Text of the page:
To prepare estrogen for elimination, it must undergo two phases of detoxification in the liver and one in the gut. Imagine that the pathways along which estrogen needs to travel to be detoxified are like lanes on a motorway. As the estrogen tries to merge into the traffic, if there’s congestion already there (from the rubbish in ultra-processed food, drinks, skincare etc.), the estrogen has to slow down rather than effortlessly merge into the traffic. That’s phase 1 – you don’t want estrogen to have to slow down or be unable to merge. Once estrogen is successfully through phase 1, its structure has been slightly changed and now it is ready to travel along the phase 2 pathways. The challenge is, these roads might be even more congested (due to lousy lifestyle choices, nutrient deficiencies and/or genetics), making it difficult or slow for estrogen to complete its liver detoxification. All of these factors contribute further to a state of estrogen excess. Once a unit of estrogen gets through these two phases in the liver, imagine it is delivered to the gut inside an envelope. Ideally, the envelope stays sealed and you eliminate this estrogen in your faeces. However, if you have too many lousy types of gut bacteria (rather than plenty of good ones), they can produce an enzyme (beta-glucuronidase) that can open the envelope. This ‘reactivates’ the estrogen and you recycle it, adding even further to the excess estrogen.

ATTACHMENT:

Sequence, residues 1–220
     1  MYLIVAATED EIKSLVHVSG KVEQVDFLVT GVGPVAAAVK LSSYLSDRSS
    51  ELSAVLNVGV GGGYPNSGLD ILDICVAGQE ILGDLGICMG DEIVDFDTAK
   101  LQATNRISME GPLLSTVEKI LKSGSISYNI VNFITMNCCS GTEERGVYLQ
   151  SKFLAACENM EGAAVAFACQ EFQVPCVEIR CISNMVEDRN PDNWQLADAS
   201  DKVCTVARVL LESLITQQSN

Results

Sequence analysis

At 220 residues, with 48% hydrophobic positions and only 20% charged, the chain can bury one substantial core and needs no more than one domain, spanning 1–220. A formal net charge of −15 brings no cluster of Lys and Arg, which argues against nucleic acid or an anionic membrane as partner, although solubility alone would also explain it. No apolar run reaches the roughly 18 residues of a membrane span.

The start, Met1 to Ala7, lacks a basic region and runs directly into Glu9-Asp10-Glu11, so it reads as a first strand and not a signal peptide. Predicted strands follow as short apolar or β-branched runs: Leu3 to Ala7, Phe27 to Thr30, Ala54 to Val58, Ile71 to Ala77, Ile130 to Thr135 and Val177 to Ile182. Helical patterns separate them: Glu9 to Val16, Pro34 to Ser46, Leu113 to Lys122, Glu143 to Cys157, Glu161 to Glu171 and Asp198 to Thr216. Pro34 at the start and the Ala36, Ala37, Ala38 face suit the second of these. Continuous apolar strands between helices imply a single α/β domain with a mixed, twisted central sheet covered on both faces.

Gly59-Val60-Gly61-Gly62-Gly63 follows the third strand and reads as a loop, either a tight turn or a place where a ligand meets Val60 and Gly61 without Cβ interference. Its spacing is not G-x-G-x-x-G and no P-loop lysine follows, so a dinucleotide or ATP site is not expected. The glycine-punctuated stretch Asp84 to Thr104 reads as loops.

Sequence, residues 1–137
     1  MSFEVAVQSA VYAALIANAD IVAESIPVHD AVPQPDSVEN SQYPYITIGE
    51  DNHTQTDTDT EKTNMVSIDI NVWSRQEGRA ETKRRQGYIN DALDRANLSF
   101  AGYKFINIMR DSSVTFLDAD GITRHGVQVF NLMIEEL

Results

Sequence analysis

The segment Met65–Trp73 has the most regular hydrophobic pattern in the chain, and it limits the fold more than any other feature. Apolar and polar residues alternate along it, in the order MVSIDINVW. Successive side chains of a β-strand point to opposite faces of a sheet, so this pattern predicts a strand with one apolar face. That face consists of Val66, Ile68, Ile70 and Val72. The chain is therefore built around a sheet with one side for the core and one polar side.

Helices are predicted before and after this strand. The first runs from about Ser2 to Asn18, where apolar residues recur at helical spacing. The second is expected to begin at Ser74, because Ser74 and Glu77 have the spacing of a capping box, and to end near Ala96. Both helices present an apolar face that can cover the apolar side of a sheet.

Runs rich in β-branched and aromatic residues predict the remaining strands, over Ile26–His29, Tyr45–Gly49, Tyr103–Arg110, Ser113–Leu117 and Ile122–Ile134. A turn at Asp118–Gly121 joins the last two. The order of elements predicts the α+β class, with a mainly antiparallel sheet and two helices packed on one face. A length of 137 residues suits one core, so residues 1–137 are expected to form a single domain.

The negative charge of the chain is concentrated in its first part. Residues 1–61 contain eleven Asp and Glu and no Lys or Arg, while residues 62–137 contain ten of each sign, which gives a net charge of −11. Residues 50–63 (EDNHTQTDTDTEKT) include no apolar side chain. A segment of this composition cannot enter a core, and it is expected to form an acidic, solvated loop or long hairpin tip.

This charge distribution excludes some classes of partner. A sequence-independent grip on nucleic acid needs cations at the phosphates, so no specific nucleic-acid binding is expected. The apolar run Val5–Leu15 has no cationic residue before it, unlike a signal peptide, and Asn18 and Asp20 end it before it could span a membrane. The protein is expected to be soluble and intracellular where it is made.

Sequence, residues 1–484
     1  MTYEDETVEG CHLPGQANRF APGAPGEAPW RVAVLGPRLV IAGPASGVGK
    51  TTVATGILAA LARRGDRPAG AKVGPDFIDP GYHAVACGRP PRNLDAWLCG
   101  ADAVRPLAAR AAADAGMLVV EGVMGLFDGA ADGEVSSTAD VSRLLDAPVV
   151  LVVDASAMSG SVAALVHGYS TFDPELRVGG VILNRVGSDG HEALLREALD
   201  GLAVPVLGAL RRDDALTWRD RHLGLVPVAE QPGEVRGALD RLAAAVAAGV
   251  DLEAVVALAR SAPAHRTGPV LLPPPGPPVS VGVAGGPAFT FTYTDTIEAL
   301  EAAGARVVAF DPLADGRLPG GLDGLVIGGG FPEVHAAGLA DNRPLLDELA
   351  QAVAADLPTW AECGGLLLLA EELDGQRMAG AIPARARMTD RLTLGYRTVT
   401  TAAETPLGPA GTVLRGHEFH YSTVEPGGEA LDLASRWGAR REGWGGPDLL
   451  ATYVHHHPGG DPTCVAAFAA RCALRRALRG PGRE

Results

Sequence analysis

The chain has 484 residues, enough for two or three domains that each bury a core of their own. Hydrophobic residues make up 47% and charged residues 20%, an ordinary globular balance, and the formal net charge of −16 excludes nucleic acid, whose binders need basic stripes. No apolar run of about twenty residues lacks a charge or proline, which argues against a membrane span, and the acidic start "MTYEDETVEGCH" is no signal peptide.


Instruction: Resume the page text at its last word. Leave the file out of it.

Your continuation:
Ways to support estrogen detoxification
- Eat a wide variety of whole, real foods, including plenty of plants
- Incorporate Brassica vegetables into your diet daily; these include broccoli, cauliflower, kale, cabbage, Brussels sprouts. Broccoli and broccoli sprouts contain some of the highest levels of the substances you need for efficient estrogen detoxification
- Minimise ‘liver loaders’ such as synthetic, ‘fake’ ingredients found in many ultra-processed foods, caffeine, and household cleaning and beauty products made from endocrine-disrupting chemicals, such as parabens
- A dairy free way of eating for two months or two menstrual cycles (as a trial initially); it must be done super strictly for the trial period to see if this will make a difference; read all food labels
- Ensure adequate hydration: – for a teenage girl this is about 2L per day
- Significantly minimise/remove refined sugars (minimising processed foods and drinks can be a simpler focus)
- Ensure bowel movements are occurring daily (helpful tips here)
- Incorporate an organic green drink: powdered/ground green vegetables and grasses that you add to water. Good quality, organic green powders can offer concentrated sources of some key active ingredients that help support efficient liver detoxification, particularly estrogen metabolism.
Progesterone can be thought of as the cool, calm and collected hormone and its production is something we really want to help foster in our teens. Progesterone plays a role in maintaining the lining of the endometrium in the second stage of the menstrual cycle – estrogen lays it down and progesterone holds it in place. Yet it also acts as a natural anti-depressant, an anti-anxiety agent, and it is a diuretic, meaning that it allows a female to get rid of any excess fluid (recall the ‘puffiness’ mentioned in the scenario above). Once a female has started to menstruate, the main place from which she makes progesterone is her ovaries, but this only happens after she has ovulated – progesterone is made from the crater that remains on the surface of the ovary (the corpus luteum) after the egg has been released. And if she’s not ovulating because the pituitary-ovarian communication axis is still being established, or due to relentless stress hormone production, nutrient deficiencies, or she takes the Pill (to name just a few reasons), then her body is not able to make this monthly supply of progesterone and she misses out on all of its biological benefits.